Cindy Krischer Goodman’s Balancing Act: The business of balance

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At Perry Ellis corporate offices, a group of employees are gathered in the company conference room, stretching into various poses and taking deep breaths. At the front of the room, a yoga teacher from Green Monkey gives instruction. In the increasing struggle for zen, yoga businesses like Green Monkey have discovered opportunity: a demand for restoring balance to stressed-out workers.

The work/​life balance industry now encompasses venders and consultants who make money selling services to employers increasingly concerned with wellness, engagement, morale and productivity. Workplace wellness alone has become a nearly $2 billion industry, projected to hit $2.9 billion by 2016, according to a study by consultants IBIS World.

Newer to the scene are service providers who appeal to individuals — working mothers and fathers or stressed-out leaders — looking to take tasks off their plate, bring order to their lives or create easier ways to work remotely. The category includes personal shoppers and trainers, virtual assistants, meditation leaders, elder-care consultants and life coaches.

What has changed most in the evolution of the industry is widespread acknowledgment that work/​life balance is not a problem just for women or a concern that is going to be solved — but rather an ongoing challenge.

“The recognition has made work/​life balance the subject du jour,” says Jim Bird, founder of WorkLifeBalance.com. “It’s something people look at when considering a job or deciding whether to take a promotion and it’s probably the No. 1 reason people quit their jobs.”

Fueling the focus on work/​life issues is research. Quantifying stress, distraction, perks, engagement and productivity has become a business in itself, with academics and consulting firms spitting out surveys on the factors behind dissatisfaction and turnover.

Inevitably the research points out one crucial finding: Employees are struggling more than ever before with the demands on their time.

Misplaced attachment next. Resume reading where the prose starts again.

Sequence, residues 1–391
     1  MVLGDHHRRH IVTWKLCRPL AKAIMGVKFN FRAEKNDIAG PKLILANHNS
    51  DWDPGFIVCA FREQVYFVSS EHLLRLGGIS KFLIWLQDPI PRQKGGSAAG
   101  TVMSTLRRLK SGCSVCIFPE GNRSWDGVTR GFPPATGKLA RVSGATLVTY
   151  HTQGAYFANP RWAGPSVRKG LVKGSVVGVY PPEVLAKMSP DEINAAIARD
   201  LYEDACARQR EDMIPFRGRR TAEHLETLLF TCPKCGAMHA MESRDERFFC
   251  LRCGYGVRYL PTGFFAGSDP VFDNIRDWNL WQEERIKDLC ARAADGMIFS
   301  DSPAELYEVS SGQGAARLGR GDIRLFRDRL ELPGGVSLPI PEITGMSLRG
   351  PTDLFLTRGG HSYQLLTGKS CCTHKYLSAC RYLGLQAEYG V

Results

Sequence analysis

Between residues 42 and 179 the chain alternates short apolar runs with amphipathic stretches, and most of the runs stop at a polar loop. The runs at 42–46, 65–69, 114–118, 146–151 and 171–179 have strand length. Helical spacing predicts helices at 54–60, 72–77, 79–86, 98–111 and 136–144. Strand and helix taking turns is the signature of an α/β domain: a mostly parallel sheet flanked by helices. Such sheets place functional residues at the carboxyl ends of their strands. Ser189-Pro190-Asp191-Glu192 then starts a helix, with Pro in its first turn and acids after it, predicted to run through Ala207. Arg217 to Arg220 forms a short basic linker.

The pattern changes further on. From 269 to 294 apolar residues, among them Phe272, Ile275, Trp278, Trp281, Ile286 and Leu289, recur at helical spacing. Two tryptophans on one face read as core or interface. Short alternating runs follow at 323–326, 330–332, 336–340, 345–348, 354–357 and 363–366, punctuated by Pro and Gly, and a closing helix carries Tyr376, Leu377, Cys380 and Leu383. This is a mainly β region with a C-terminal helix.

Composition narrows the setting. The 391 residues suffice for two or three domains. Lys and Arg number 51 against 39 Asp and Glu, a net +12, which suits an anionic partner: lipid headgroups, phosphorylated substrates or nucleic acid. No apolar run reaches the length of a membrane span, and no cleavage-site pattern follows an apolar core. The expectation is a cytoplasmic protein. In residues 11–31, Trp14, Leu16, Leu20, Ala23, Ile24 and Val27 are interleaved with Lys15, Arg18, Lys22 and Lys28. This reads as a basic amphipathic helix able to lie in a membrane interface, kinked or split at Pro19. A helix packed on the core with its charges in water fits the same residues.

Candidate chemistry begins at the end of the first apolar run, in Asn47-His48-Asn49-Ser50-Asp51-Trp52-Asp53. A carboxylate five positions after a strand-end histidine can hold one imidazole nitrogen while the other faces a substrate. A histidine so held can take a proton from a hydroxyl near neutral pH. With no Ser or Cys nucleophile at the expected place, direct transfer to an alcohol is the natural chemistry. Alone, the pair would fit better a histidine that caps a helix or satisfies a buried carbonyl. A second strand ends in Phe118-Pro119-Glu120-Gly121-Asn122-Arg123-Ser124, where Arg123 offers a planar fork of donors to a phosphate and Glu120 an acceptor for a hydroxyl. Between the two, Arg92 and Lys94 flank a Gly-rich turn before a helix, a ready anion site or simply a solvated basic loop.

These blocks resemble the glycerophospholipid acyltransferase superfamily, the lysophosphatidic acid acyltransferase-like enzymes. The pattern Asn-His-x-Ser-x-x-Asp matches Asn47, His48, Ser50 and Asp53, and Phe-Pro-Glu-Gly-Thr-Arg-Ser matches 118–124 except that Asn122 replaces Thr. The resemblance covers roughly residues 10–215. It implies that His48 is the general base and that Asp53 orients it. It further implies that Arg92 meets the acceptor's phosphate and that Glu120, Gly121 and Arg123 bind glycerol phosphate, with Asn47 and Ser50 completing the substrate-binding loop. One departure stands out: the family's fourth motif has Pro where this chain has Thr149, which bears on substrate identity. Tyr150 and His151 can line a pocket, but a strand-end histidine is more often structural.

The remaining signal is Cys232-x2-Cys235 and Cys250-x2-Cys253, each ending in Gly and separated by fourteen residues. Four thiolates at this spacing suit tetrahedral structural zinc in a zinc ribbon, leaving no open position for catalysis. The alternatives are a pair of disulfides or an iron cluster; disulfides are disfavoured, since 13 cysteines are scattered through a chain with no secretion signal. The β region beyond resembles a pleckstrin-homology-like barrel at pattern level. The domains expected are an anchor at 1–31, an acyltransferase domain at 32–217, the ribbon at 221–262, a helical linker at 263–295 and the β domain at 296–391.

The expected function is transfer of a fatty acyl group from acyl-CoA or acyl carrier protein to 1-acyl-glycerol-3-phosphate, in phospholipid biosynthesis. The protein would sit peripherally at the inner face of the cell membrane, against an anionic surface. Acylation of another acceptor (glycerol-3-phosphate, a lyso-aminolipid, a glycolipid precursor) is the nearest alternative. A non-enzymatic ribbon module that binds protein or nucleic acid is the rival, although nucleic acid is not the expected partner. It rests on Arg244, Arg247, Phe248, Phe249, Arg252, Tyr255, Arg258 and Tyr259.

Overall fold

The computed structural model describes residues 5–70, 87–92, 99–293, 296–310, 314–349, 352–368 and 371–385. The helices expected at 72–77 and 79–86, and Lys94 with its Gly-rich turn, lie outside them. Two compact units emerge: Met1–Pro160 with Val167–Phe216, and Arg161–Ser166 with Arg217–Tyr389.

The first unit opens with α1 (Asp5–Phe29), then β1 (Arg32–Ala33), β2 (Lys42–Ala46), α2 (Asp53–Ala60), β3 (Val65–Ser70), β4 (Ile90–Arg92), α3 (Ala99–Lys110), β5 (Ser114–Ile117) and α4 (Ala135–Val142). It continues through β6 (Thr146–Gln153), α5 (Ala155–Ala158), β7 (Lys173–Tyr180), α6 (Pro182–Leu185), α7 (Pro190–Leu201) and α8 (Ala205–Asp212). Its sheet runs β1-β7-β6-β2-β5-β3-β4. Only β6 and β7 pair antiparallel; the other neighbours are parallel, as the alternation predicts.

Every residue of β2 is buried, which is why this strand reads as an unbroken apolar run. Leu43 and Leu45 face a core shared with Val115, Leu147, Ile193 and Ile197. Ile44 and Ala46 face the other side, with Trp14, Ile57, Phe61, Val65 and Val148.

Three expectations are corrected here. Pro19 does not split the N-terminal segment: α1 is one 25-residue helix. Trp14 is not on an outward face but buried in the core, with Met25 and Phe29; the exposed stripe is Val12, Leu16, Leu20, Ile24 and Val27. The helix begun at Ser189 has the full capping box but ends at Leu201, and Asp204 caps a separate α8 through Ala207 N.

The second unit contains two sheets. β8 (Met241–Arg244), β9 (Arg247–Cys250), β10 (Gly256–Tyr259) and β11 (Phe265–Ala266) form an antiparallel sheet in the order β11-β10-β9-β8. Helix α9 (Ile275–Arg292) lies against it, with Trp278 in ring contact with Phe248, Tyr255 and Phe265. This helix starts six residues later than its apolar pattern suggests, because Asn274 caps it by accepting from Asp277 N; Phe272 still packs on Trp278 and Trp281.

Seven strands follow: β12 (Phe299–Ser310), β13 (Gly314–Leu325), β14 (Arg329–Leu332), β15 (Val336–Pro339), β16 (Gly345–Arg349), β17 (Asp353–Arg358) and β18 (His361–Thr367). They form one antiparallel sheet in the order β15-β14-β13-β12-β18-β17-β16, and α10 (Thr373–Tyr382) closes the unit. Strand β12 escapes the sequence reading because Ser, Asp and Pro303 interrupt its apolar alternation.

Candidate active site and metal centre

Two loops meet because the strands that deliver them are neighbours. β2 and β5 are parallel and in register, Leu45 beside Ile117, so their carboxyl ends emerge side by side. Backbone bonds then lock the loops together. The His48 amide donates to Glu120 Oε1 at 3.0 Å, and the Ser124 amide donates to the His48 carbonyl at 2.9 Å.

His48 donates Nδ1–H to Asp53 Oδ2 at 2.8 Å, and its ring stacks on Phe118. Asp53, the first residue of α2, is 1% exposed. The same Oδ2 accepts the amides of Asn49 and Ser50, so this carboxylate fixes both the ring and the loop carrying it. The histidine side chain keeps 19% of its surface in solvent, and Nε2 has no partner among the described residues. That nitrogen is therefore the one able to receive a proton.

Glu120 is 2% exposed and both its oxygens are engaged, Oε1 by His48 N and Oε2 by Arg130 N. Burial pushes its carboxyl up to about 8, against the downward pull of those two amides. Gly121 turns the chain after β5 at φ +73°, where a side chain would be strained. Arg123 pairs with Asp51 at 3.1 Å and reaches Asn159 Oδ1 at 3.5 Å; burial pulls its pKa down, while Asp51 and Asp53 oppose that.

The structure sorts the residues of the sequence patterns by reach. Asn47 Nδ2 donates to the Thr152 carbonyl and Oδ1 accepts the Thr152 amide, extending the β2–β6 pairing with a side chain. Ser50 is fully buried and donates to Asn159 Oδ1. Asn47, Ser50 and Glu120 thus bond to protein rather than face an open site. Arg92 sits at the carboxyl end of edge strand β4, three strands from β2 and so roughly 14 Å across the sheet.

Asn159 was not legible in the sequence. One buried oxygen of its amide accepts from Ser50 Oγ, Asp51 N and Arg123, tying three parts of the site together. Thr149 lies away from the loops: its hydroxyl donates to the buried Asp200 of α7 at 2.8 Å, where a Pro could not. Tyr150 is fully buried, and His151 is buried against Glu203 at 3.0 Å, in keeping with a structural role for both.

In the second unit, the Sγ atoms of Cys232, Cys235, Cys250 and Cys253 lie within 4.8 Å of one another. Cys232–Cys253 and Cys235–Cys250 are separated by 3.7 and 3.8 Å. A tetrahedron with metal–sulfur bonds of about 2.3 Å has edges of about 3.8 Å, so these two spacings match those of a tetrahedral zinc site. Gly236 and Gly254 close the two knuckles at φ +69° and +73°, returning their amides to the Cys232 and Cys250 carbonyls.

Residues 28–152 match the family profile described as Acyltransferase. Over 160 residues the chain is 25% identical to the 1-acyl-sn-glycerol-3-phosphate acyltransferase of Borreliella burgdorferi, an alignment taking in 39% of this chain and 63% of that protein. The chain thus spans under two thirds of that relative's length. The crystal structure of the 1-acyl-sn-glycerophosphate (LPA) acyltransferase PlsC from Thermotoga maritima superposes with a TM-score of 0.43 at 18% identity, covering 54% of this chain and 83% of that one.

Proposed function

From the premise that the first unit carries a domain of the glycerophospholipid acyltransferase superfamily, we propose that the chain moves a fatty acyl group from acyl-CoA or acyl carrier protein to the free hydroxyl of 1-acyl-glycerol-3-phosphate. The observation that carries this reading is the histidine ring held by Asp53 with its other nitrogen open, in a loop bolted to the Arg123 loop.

“From an employer perspective, it’s no longer just about helping employees,” explains Rose Stanley, a work/​life practice leader at WorkatWork, a nonprofit HR association for organizations focused on strategies to attract and retain a productive workforce. “It’s about tying it back into business strategy.”

Case in point: An estimated 1 million workers miss work each day because of stress, costing companies an estimated $602 per employee per year, according to HealthAdvocate.com.

Providers such as Bright Horizons Family Solutions are catering to employer demand. Twenty-eight years ago, when Bright Horizons CEO Dave Lissy approached a Fortune 500 company to offer on-site childcare to employees, the HR director’s first reaction was to ask why, he says. Today, “why “ is obvious and that same employer company now also uses Bright Horizons Family Solutions to provide employees with backup elder care, elder care case management, sick-child care and other work life benefits such as college or educational advising.

Bright Horizons, now a public company based in Watertown, Mass., has close to 1,000 corporate clients; in 2013, it grossed $1.2 billion in revenue. Mr. Lissy predicts even more growth. “Time is on our side. Those organizations who don’t offer help with work/​life concerns will be behind in a world where human capital is the competitive advantage.”

United States - North America - Florida - Fort Lauderdale

Cindy Krischer Goodman can be reached at balancegal@gmail.com


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